Try the leaning technique while riding next to your friend for a mile.  Don’t go faster than him/her.  Ride next to them.  Don’t do any of those S curves that leaning requires you to do.  At some point you will get it. 

No, the saddle of the Manual unicycle doesn’t make any of the techniques no apply to EUC. They are all the same.  Only difference is learning EUC doesn’t help you learn a manual unicycle but if you manual unicycle you can pick up EUC.  

Bike dynamics are not that much different.  And you keep on bringing up the seat. Have you heard of BMX?  Do they use the seat and does the seat prevent t them from doing anything?

i can lean the bike all the way down until the pedal hits the ground while riding. It isn’t hard to do. At no point does the seat get in the way. 

Try the exercise of riding next to your walking friend for any extended period and see if your opinion changes.  

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@Smoother and anyone who want to try going slow challenge. 

Here is the challenge to anyone who world accept.  Setup two points, 20ft apart.  Ride your EUC as slow as you can between the two points and record your time in seconds.

Rules:

1) cannot go backwards during any time between the points

2) feet cannot touch the ground

3) try to stay within 1-2ft side to side  

FYI, normal waking speed is about 5.5 seconds to traverse the 20ft, or about 4kmph.

My best time was 14 seconds, or 1.5kmph.

Let the games begin!  A game where you shouldn’t get hurt.  LOL

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1 hour ago, eddiemoy said:

 Don’t do any of those S curves that leaning requires you to do.  At some point you will get it. 

Where did that come from? Stop making things up YOU DO NOT HAVE TO DO "S" TURNS TO TIP THE WHEEL FROM SIDE TO SIDE.  You really need to think about what you write.  I can follow more or less withing an inch, a straight line at any speed while tilting the wheel subtly from side to side to correct my path.  At no time is anything like a "S" turn created.

You completely ignored all my unicycle saddle comments (i.e. no defense)  and then throw in BMX riders, who by default rarely use their saddles how does one equate to the other?

And you have completely ignored @mrelwood s video which he went outside and made just so you could understand what he was talking about.  One can't have a discussion with someone who ignore every piece of evidence that doesn't fit his position.

So you can lean a bike over and so do BMX riders, but these devices have two wheels so the rider has many different ways of maneuvering the bike.   how does that have anything to do with EUCs? I would like to see you lean your unicycle over on its side while your crotch is still directly above the contact patch, or there abouts.

I'm done with this stupid discussion. You keep telling me its impossible for me to do things I do all the time and every ride, including today.  I see no reason to listen to this senselessness any longer.  You keep twisting, and I'll keep tipping.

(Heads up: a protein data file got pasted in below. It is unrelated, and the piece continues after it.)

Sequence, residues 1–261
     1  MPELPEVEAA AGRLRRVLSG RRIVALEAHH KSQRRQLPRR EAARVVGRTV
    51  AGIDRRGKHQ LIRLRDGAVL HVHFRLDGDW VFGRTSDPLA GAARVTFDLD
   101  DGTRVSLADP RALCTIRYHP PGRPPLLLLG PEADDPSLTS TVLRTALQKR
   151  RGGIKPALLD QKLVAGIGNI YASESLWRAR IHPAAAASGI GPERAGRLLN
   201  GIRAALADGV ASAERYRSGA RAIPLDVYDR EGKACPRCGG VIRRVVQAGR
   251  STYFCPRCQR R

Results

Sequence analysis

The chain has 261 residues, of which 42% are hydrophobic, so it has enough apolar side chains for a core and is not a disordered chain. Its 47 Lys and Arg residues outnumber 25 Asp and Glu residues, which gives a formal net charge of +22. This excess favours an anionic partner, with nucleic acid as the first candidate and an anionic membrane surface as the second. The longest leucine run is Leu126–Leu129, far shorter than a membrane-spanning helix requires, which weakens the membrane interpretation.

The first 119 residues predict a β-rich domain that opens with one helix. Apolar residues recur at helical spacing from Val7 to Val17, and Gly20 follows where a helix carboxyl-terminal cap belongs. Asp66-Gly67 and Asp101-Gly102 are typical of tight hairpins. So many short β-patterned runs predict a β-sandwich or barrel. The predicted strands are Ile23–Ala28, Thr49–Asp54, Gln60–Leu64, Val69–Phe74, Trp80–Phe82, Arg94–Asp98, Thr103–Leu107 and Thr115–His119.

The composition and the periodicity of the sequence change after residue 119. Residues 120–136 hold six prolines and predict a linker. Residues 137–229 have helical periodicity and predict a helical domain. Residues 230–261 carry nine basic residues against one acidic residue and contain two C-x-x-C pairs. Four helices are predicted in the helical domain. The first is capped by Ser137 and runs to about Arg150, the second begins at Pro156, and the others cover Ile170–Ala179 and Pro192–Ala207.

BTW In the past, I have viewed your riding videos and something didn't look quite right.  Maybe it's this twisting you insist is the only thing that works.  I haven't seen it in anyone else's videos and I watch most of them, here and on YouTube.

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Posted (edited)

So I have to admit I felt a little blindsided by the response to my post. I deserved some of it for getting too far out over my skies (I hate that analogy, but I don't have a better one at the moment). But thanks @meepmeepmayer for balancing out the discussion. And I did learn something.

23 hours ago, eddiemoy said:

Your brain needs info to figure things out.  The balance algorithm that your brain comes up with requires data.  this means you need to get on the wheel and feed it or try.  doesn't matter what you try, the mere act of being on it for any time allows your brain to figure it out.  That is just how it works.  No way around it.  

I agree with this 100%, that the only way to learn how to ride is to ride.

23 hours ago, eddiemoy said:

You just need to get on and ride.

This is where I don't agree... 

I want to know what to try instead of just getting on and falling a lot. From my point of view, riders should be prompted to experiment with tilting and twisting. It would also help to exaggerate the tilting or twisting motions to see what they do. I saw a video of a woman learning to ride and she held her arms straight out and was only trying to balance, not trying either technique. To me that's a person who could use some instruction.

I realize there are people who just take an intuitive approach and let the process happen. Who if presented with too much information could be confused by it. 

 But that's not me, and just learning to ride is not enough.  ;)